Cyprus will be at the spotlight of international shipping on October 6-9, as the Maritime Cyprus Conference 2013 will take place in the southern coastal town of Limassol where the heart of the shipping industry beats.
Titled "Shipping today," the conference will discuss the world shipping industry’s hot issues in three distinct parts namely remodeling shipping, environment and shipping, a turning point and looking ahead to the future. The conference will be attended by approximately 700 participants among which the International Maritime Organisation Secretary General Koji Sekimizu, European officials and prominent ship-owners from all over the world.
"We are confident the organization of the Maritime Cyprus Conference 2013 will give further impetus to the Cypriot shipping and will promote our country internationally," Ministry of Communications and Works Permanent Secretary Alecos Michaelides said a press conference in view of the Conference which takes place since 1989 every two years.
Michaelides said that Cyprus has the tenth larger merchant fleer internationally and the third in the European Union and is one of the biggest ship-management centres internationally.
Pointing out that shipping contributes annually 6% of the Cypriot GDP, Michaelides added that "in these difficult times shipping could play a leading role in the efforts to achieve growth and the attraction of foreign investments to our island."
The opening ceremony will take place on October 6 during a reception hosted by Cyprus President Nicos Anastasiades at the presidential palace. Anastasiades will also address the conference the next day.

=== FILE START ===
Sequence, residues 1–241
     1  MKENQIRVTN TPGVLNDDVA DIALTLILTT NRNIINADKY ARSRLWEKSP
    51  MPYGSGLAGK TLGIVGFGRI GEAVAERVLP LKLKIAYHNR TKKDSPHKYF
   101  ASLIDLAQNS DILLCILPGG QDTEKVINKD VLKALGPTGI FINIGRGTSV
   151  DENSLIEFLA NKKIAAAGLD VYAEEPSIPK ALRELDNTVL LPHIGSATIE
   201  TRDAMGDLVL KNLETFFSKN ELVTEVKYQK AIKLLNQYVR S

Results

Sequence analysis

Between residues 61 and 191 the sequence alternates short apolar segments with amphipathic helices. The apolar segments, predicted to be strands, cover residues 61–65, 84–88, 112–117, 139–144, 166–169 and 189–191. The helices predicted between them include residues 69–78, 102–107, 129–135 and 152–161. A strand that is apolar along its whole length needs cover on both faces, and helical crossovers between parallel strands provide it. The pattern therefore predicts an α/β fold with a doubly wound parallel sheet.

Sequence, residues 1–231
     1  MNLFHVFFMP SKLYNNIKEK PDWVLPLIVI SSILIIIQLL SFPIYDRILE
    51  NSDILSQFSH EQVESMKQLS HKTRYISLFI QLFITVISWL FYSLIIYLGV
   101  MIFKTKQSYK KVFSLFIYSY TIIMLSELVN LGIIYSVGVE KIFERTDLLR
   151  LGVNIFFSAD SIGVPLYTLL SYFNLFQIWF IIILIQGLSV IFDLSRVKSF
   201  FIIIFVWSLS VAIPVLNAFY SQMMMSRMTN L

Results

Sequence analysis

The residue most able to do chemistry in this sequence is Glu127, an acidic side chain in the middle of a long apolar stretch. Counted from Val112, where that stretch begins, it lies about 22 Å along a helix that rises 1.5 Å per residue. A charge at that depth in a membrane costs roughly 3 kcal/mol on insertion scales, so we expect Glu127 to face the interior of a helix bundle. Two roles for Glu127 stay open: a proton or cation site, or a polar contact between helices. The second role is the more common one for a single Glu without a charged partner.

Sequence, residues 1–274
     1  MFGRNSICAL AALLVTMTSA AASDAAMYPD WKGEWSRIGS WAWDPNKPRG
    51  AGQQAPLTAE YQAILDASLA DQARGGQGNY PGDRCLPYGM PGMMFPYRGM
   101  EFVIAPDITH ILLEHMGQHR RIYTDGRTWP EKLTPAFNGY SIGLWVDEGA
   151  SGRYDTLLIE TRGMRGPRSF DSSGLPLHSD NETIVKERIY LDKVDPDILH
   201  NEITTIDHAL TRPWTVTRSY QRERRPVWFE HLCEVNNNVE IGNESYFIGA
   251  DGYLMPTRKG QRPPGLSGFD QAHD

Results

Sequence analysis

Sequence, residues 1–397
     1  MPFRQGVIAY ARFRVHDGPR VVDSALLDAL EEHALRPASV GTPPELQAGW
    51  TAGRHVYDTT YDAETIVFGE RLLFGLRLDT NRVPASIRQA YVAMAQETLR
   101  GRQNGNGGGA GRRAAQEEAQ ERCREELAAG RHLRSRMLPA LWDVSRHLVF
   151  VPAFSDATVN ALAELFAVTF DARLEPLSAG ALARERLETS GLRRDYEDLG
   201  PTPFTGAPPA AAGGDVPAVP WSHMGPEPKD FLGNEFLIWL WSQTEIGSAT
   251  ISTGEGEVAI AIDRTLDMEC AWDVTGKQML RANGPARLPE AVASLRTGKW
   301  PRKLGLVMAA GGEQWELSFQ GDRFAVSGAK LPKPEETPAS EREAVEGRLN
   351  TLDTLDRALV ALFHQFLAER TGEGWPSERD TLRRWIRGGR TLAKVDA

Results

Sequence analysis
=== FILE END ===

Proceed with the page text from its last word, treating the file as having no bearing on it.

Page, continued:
Replying to a question, Michaelides said shipping has overcome the initial shock after the Eurogroup decisions last March over a €10 bailout for Cyprus which featured a controversial conversion of uninsured deposits to capital, the so-called bail-in, in a bid to cover the capital shortfall of the island’s largest banks. Following the bail-in capital restrictions were imposed in a bid to avert a wave of deposits outflows, which however affected the ship-management companies operating on the island.
"There were consequences and difficulties, which have been overcome following actions of the Ministry, the Department of Merchant Shipping and all stake holders," Michaelides said.
Answering a question on the future of the Cypriot shipping, Michaelides said "despite the Turkish embargo, the Ministry along with our partners and the DMS is trying to overcome any problems and to promote the Cypriot flag, at least for the ships which don’t dock in Turkish ports."
Turkey, which invaded Cyprus in 1974 and occupies 37% of the island’s territory, introduced in 1987 restrictive measures, prohibiting Cyprus-flag vessels to call Turkish ports. In May 1997, Turkey issued new instructions to its ports and harbors extending prohibitions against ships under a foreign flag (of any nationality) sailing to Turkish ports directly from any Cypriot port under the effective control of the Republic of Cyprus or against ships of any nationality related to the Republic of Cyprus in terms of ownership or shipmanagement.
Get all the latest news and videos in your inbox. Register FREE